Are you are thinking about putting yourself out there after being with the same spouse for two or three decades? Keep your expectations low, and brace for disappointment.
I don’t mean to be too negative here. I know widows who met a great partner right out of the gate, but that is more the exception that the rule. In my case, I waited a year after Tom died and randomly went to a speed dating session one cold night after work. I figured it would be a new experience, maybe one I could write about.
I didn’t realize the magnitude of what I was taking on. After all, only a few months earlier I thought I would never be with another man again, and I was trying to prepare for life alone – forever. But here I was at a micro-brewery trying to avert my eyes from the guys hovering around the bar, feeling nervous and on edge. In fact, I walked out once and sat in my car, ready to bolt. But I talked myself into going back in.
I finally took a seat at my designated table and, after the first six minutes of asking and answering questions with the first stranger, the nervousness lifted. Heck, it was a lot like interviewing people for news stories, which I had been doing for 35 years.
So I went with it and talked briefly with 11 more guys. It was kind of fun, and I quickly learned all were divorced except two — who were widowers. One had bad teeth and another encouraged me to choose him. He promised widowhood wisdom since he was two years ahead of me on the widowhood-duration scale.
This frivolous escapade led to five months of semi-regular hanging out. It provided many fraught-with-danger firsts since my husband’s death — kissing, physical affection, and many, long talks about widowhood and relationships. It gave me an escape from grief for a short time and served up comfort and security, at least initially. But then its composition changed (Out of the blue, when I thought things were going well, he said he wanted to date me and others in his dogged search for the perfect next wife.). When it ended badly, it felt like another loss and slammed me with grief.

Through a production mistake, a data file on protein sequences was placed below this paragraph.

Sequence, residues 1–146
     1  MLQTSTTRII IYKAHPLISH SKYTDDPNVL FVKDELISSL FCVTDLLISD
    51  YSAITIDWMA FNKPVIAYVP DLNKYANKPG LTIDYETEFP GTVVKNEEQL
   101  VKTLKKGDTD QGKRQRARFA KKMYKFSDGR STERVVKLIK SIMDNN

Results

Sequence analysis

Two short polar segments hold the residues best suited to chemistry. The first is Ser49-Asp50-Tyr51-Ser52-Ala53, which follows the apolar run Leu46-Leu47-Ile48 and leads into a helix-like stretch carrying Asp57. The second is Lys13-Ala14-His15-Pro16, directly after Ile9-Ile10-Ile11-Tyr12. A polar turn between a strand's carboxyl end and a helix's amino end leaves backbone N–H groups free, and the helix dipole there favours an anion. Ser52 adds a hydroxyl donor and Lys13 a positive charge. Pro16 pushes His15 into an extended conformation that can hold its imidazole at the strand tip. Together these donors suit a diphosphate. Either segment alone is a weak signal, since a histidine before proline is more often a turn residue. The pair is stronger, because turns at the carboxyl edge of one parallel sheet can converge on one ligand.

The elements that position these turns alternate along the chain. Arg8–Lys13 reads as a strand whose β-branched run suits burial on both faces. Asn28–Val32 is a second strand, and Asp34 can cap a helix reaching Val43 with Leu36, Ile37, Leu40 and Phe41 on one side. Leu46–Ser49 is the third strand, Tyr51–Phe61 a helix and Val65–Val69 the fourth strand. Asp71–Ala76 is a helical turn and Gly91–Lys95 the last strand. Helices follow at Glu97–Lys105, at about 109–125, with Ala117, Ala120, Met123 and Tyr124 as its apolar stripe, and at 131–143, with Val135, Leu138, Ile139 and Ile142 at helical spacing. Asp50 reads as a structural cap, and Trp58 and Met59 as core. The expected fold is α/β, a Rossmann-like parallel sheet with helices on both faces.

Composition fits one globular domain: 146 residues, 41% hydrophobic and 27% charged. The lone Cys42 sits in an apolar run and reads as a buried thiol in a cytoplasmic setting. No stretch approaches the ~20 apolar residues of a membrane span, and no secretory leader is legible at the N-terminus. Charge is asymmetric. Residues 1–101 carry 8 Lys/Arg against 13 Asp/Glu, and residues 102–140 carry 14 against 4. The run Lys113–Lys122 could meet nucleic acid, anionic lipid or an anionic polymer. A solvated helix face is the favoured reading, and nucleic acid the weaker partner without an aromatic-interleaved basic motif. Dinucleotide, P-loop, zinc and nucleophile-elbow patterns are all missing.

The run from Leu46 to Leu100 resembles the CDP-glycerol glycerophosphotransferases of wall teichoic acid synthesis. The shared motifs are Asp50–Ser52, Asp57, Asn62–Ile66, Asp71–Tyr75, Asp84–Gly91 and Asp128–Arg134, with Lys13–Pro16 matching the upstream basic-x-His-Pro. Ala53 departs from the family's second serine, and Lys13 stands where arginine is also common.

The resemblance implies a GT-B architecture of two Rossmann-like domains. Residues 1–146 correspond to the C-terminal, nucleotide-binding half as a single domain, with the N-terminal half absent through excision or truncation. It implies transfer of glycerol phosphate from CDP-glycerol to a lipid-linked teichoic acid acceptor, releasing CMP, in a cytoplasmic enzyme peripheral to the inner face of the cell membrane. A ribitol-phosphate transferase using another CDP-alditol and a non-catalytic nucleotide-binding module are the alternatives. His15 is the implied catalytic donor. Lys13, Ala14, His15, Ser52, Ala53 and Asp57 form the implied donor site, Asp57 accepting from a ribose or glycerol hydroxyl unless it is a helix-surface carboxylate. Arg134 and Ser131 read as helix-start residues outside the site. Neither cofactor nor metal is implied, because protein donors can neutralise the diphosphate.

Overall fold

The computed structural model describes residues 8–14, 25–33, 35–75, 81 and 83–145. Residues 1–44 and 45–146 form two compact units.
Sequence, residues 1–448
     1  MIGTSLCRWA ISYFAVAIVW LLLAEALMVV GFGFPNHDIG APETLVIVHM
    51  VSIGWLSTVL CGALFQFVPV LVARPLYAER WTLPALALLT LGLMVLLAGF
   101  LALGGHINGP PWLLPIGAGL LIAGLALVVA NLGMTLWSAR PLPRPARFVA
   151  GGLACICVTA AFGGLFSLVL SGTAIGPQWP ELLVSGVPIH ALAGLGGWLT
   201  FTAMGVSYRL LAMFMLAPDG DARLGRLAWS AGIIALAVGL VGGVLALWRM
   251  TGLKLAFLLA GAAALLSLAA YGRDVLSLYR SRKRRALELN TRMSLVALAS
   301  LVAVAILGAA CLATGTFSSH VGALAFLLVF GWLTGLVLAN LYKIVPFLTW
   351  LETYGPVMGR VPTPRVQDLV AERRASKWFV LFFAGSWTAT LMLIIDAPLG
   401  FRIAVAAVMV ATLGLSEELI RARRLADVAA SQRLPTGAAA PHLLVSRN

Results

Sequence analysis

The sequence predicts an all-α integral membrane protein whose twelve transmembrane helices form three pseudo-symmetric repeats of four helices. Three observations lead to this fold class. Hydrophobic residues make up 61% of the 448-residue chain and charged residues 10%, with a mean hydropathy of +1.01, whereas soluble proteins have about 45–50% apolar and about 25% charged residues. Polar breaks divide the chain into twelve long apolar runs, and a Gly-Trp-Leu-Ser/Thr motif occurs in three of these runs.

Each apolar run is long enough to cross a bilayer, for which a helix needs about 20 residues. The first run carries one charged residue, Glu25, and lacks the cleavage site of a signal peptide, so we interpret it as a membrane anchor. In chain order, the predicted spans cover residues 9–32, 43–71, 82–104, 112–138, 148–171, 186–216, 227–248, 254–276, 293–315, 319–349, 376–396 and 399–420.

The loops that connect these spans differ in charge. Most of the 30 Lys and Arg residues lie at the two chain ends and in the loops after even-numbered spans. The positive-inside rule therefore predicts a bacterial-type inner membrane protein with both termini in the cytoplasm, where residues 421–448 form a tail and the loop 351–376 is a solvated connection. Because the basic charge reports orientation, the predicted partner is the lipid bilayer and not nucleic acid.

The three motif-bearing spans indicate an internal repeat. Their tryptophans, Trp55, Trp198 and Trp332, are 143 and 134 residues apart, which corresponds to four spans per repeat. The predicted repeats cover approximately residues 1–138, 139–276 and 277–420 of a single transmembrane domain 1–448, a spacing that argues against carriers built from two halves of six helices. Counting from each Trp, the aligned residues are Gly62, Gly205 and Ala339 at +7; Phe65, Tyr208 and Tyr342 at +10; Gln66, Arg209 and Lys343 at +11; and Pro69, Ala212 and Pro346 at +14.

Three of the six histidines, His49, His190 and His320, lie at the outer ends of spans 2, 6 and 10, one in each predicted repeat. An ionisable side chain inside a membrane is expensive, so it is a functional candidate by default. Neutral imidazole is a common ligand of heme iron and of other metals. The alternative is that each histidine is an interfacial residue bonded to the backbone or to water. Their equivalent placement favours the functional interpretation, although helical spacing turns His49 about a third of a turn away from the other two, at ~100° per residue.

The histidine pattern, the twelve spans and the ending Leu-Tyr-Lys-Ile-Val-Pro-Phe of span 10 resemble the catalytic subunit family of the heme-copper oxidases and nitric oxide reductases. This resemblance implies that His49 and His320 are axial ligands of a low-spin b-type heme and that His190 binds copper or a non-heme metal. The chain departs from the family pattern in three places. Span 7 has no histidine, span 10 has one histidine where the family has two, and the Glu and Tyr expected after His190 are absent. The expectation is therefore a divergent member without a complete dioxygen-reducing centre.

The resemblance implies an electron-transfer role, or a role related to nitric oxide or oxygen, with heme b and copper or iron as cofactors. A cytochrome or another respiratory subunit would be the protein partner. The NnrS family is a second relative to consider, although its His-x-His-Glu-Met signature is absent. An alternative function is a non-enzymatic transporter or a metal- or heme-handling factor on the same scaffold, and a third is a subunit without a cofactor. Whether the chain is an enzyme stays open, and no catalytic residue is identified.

I did a lot more grieving and crying the next few months. You can’t escape grief for long; it finds you. I realized I was too trusting and open with this guy and vowed I wouldn’t do that again.
Since, I’ve had a few coffees, phone conversations and outings with men I’ve met online, but I feel fairly blasé about all of it. The faces and profiles online are a lot like “looking at merchandise at Costco,” says my divorced nephew so aptly.
I’m not sure what my next move will be. I continue to spend time with my sweeping assortment of friends (mostly women) and family and work to embrace and feel comfortable with my aloneness. I’m making some darn, good progress.